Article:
- National Freedom to Marry Coalition Hails Historic Step -

     HONOLULU, Dec. 8, 1995 -- In an historic first, a Hawaii state

government-created commission, specifically charged with studying 

the freedom to marry that is denied same-gender couples, forwarded

a report to the state legislature today recommending Hawaii marriage

laws be amended "to allow two people regardless of their gender to


     The report by the Hawaii Commission on Sexual Orientation and the

Law, whose members were appointed by the governor, will now go to the

state legislature.  The commission was created by the legislature in

June, 1994, to determine how best to address the ways in which same-

gender couples are affected by not being able to marry.

     "After months of intense research and witness testimony, a

government body has finally concluded that there is no legitimate reason

for the state to continue refusing civil marriage licenses to same-gender

couples who want to make the commitment of marriage," said Rich Tafel of

Log Cabin Republicans.  Log Cabin Republicans is a member of the National

Freedom to Marry Coalition, a broad alliance of city, state and national

gay and non-gay groups across the country.

     "They looked at all the arguments for and against same-gender

marriage and concluded it's wrong for government to say 'no' to people

saying 'I do,'" said Tafel.

     The commission was created in response to a landmark lawsuit

challenging the denial of civil marriage licenses to same-gender couples.

In May, 1993, the Hawaii Supreme Court ruled that the "same-gender

restriction" on marriage appears to violate the state constitution.  The

Court held that unless the state can identify a "compelling" justification

for discriminating, it must stop.  The case, Baehr v. Lewin, is now before

the lower court, where the couples are represented by co-counsel Dan Foley

of the Hawaii Equal Rights Marriage Project (HERMP) and Evan Wolfson of

Lambda Legal Defense & Education Fund.

     "The commission's report further strengthens our court challenge,

clearly illustrating that the state has no 'compelling' reason to deny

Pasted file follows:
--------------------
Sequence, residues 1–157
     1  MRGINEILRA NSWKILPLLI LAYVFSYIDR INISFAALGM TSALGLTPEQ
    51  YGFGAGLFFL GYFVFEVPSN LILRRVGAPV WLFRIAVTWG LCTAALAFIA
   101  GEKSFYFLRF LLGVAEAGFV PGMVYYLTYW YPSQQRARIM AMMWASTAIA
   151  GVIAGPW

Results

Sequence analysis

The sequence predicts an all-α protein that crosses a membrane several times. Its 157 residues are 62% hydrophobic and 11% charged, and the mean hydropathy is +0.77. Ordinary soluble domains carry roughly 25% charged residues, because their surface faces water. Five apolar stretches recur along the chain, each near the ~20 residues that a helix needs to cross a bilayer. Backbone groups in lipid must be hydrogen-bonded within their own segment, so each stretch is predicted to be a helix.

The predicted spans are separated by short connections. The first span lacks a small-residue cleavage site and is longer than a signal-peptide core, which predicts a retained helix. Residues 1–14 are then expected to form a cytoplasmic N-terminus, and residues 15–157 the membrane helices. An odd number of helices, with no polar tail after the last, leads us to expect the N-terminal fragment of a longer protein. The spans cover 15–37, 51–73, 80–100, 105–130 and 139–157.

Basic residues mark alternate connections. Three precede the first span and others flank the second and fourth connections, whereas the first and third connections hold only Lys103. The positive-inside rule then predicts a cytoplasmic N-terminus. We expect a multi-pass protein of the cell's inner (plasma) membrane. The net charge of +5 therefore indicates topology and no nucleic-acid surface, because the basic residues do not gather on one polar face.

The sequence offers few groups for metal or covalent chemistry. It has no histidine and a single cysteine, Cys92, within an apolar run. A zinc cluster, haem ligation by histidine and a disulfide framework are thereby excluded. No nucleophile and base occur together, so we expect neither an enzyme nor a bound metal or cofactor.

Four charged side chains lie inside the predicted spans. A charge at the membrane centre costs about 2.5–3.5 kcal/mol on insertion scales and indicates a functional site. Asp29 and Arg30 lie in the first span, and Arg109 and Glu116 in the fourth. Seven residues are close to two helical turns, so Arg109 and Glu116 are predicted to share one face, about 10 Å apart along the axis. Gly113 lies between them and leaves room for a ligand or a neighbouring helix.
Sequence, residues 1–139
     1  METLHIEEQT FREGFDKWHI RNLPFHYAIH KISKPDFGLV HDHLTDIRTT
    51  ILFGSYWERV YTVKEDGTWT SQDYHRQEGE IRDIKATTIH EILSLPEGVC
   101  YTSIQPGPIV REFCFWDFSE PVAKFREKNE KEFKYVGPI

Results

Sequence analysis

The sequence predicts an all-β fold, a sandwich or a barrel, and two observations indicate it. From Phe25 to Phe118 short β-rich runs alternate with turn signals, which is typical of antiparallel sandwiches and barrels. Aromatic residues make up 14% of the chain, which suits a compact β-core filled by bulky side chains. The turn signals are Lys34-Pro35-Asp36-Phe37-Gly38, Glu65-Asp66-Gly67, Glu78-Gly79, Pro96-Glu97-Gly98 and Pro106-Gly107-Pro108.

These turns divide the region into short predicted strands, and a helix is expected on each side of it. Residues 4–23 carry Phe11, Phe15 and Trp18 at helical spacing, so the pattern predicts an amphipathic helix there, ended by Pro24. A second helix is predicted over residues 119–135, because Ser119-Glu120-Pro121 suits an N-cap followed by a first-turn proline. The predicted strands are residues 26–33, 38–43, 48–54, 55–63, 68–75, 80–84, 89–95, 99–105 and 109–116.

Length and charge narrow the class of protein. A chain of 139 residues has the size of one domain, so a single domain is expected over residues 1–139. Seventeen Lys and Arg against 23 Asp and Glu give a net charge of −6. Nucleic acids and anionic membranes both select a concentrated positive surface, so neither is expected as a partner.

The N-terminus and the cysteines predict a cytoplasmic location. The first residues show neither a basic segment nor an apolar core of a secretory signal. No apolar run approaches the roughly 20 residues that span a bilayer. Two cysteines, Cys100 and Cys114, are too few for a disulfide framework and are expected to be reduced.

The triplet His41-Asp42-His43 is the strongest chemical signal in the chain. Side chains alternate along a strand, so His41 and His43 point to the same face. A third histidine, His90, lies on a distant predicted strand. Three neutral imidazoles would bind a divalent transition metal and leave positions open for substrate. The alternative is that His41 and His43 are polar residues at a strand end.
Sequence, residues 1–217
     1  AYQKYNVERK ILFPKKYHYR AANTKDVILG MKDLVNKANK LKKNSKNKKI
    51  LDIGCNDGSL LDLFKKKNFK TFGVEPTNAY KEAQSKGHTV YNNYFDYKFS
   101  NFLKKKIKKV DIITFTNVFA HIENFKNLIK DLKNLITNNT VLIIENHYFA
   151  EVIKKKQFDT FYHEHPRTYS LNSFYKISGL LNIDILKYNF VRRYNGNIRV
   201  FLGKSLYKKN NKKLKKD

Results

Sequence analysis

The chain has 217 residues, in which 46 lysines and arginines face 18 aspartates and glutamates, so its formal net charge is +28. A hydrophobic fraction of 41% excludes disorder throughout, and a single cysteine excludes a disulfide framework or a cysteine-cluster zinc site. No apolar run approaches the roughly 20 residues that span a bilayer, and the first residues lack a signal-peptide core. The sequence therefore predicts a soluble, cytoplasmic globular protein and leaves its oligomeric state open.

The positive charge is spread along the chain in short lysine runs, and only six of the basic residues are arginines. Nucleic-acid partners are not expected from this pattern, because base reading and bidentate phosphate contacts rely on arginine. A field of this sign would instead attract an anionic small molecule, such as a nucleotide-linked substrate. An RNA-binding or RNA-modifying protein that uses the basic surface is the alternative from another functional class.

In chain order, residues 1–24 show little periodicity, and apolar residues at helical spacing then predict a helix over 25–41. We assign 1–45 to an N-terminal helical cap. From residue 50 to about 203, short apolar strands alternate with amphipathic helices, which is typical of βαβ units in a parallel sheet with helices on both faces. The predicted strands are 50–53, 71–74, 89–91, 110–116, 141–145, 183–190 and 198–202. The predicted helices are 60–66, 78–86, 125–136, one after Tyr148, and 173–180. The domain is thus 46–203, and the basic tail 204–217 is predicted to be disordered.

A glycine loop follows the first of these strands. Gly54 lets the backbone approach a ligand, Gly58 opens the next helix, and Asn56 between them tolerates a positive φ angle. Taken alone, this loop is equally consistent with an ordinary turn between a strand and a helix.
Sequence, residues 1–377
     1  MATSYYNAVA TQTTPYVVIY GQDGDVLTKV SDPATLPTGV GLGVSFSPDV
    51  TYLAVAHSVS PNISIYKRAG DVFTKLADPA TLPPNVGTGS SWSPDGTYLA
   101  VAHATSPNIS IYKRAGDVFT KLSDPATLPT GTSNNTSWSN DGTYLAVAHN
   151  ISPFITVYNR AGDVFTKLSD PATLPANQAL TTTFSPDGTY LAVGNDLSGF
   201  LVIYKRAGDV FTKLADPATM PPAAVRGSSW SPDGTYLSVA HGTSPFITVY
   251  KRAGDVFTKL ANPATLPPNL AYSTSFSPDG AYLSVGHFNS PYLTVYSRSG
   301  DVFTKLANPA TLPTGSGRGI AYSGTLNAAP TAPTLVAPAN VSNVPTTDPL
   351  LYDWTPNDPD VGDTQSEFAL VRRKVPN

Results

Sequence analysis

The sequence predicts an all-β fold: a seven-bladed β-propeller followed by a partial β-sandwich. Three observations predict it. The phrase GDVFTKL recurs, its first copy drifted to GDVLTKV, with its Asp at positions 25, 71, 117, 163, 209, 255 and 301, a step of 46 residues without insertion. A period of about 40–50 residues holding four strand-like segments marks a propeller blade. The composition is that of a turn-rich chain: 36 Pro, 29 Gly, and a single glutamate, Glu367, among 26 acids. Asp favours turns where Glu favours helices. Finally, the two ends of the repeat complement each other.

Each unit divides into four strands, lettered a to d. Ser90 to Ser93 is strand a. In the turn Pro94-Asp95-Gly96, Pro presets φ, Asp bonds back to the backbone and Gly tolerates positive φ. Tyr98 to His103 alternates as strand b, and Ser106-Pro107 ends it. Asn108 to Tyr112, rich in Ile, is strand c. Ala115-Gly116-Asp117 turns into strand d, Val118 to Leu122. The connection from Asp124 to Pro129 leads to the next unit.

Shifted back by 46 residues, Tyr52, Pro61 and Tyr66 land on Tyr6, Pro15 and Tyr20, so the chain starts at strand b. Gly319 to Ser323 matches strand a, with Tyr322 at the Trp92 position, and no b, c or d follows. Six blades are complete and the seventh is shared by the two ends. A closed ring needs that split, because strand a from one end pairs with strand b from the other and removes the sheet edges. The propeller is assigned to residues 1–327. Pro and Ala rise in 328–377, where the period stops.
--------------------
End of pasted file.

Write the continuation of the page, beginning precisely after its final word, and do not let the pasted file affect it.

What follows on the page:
same-gender couples the freedom to marry," said Tom Ramsey, Co-Chair of

HERMP.  "If the legislature fails to end the discriminatory restriction on

marriage, we're still confident that the Hawaii Supreme Court will, through

the Baehr v. Lewin Case.  It was less than 30 years ago that courts took a

similar stand, ending the ban on interracial marriage."

     The landmark report was hailed by leaders of gay and non-gay

organizations nationwide as a key step in educating the public about how

the denial of the freedom to marry harms couples and fosters inequality.

     "Many Americans have never thought about marriage in connection

with lesbian and gay people, or even about the reality that same-gender

couples form families that need protection and deserve support," said

Elizabeth Birch, Executive Director of the Human Rights Campaign, a member

of the National Freedom to Marry Coalition.  "The commission did its

homework, and looked at equal marriage rights fairly and methodically.  We

invite the public, judges, and legislators in the rest of the country to

do the same."

     The commission of seven members, headed by highly-respected former

Lt. Gov. Tom Gill, represented a diverse range of views.  Its report has

already been editorially endorsed by Hawaii's two leading newspapers.

     The National Freedom to Marry Coalition is a broad association of

gay and non-gay local, state and national organizations, working to educate

the public and encourage support for same-gender marriage.